A university named in honour of one of England’s greatest religious thinkers has issued a content warning for the Bible.
Newman University, Birmingham, tells students studying the holy book that the module ‘includes themes of sexual violence and abuse – in images and biblical texts’.
Certain passages are flagged up as especially problematic, including a chapter of 2 Samuel in the Old Testament, about David, the King of Israel who had previously slain Goliath.
Dr Michael Nazir-Ali, the former Anglican Bishop of Rochester, said: ‘Works of history, literature, theology and the classics will sometimes include material about violence, including sexual violence.
‘University should be a time when students are exposed to different aspects of the human condition, albeit with the support of sympathetic teaching staff.
‘My issue with warnings is how far do you go before you end up with some form of censorship?’
Those studying the foundations of Christian theology are also warned about a ‘description of domestic abuse’ in St Augustine’s autobiographical Confessions , written in about 400 AD.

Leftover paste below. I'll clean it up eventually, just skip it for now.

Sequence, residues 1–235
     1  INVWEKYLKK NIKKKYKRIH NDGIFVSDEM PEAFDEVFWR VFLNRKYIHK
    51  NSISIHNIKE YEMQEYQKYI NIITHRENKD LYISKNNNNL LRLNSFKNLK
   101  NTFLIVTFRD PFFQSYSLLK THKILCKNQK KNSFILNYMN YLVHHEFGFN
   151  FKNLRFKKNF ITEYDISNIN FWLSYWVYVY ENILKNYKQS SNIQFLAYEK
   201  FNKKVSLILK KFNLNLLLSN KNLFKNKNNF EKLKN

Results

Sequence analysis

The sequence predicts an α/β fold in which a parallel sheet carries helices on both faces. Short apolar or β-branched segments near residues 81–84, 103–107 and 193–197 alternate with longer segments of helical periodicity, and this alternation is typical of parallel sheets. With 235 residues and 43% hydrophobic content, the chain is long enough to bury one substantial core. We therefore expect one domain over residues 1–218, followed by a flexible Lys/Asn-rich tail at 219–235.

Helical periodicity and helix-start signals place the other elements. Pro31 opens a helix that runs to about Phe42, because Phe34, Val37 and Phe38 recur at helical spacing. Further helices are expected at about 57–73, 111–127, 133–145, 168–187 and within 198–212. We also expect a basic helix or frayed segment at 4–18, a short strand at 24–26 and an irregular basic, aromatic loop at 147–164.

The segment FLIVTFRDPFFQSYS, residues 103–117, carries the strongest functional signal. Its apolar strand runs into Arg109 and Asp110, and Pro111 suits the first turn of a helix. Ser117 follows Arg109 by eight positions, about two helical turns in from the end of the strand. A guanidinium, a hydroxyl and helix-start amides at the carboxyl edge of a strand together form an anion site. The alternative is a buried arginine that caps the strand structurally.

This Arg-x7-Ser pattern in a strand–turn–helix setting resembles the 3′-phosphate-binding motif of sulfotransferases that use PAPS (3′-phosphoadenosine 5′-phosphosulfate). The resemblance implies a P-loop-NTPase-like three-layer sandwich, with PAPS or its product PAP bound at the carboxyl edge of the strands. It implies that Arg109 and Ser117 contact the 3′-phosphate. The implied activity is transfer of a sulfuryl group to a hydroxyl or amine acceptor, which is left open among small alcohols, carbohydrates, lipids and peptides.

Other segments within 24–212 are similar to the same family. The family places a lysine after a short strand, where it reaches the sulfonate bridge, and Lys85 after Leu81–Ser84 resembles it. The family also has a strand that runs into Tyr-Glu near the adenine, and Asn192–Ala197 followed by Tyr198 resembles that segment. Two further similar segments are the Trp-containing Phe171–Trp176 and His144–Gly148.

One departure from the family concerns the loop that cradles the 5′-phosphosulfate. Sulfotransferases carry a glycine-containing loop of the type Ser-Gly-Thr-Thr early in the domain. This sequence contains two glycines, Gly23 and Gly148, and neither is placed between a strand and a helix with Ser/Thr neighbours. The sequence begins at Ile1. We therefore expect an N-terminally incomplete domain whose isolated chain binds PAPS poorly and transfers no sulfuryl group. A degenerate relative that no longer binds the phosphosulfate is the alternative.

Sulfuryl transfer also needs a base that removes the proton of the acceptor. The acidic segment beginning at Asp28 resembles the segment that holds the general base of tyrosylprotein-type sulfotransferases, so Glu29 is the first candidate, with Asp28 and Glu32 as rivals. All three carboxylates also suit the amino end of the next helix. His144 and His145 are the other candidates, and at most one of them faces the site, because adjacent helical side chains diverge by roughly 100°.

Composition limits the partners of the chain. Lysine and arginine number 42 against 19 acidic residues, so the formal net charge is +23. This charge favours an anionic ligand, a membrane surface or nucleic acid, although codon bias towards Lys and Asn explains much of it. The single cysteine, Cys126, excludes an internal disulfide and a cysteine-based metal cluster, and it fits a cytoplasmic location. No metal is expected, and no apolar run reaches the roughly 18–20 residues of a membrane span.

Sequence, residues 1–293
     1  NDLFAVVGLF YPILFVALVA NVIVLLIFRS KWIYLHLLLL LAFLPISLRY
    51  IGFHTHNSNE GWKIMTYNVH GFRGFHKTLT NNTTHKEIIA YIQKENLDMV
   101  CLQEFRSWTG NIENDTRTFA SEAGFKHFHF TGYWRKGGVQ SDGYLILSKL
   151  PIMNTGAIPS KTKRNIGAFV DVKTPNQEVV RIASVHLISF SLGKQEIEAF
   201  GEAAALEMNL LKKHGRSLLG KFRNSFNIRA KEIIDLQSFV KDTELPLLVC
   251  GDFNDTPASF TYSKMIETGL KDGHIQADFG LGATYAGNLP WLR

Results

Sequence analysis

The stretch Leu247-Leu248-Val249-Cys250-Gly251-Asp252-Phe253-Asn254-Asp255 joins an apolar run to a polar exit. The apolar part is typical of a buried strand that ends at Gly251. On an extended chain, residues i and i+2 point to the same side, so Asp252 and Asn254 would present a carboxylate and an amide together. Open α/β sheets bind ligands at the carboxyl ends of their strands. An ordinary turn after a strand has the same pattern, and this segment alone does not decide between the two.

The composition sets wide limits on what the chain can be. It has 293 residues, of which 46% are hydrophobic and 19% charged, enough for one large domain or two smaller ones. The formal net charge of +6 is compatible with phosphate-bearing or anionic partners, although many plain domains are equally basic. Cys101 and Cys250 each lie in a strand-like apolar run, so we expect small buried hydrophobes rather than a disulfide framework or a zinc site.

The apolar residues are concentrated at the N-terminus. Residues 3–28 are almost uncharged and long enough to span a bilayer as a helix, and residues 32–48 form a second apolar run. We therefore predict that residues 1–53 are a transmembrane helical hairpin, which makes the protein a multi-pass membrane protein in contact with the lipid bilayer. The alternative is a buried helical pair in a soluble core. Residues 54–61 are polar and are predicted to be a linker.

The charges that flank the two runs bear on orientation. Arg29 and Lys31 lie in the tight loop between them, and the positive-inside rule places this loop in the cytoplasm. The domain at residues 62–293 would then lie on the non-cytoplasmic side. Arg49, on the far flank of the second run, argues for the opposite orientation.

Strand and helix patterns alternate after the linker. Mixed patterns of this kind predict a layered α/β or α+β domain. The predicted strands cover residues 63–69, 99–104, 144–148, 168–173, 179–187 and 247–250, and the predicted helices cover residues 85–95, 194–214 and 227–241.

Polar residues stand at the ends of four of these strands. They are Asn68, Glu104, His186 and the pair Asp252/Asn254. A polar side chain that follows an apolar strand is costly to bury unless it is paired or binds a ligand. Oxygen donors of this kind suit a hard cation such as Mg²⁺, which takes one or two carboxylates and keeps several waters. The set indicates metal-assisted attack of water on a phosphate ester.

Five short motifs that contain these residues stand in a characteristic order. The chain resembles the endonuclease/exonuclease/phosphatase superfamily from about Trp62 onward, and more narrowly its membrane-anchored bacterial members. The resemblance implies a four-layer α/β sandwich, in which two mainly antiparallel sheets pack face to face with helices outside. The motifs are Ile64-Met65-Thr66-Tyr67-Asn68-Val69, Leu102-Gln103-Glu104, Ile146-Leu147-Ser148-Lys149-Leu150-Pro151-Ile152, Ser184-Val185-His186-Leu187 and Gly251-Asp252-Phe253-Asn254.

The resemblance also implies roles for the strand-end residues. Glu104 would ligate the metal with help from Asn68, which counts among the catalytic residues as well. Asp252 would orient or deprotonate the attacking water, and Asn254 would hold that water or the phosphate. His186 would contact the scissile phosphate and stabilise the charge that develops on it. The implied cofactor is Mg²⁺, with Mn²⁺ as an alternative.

Former Tory MP Ann Widdecombe said: ‘I can remember when children, let alone undergraduates, felt able to read all parts of the Bible without fear of coming to any harm.’
University warns woke students that Ernest Hemingway’s classic novel Old Man and the Sea contains graphic scenes… of FISHING
Jeremy Black, emeritus professor of history at the University of Exeter, added: ‘This is particularly stupid given the dependency of the economy of the Highlands and Islands on industries such as fishing and farming.
‘Many great works of literature have included references to farming, fishing, whaling, or hunting. Is the university seriously suggesting all this literature is ringed with warnings?’
The content warning was revealed in documents obtained by The Mail on Sunday under Freedom of Information laws.
The novel tells the story of Santiago, an ageing fisherman who catches an 18ft marlin while sailing in his skiff off the coast of Cuba.
Unable either to tie the giant fish to the back of the tiny vessel or haul it on board, he proceeds to hold the line for an unspecified number of days and nights.
Despite suffering intense physical pain, Santiago feels compassion for the captured animal. Only when the fish begins to circle his craft does he reluctantly kill it, but he is then forced to fight with, and kill, several sharks intent on devouring the corpse.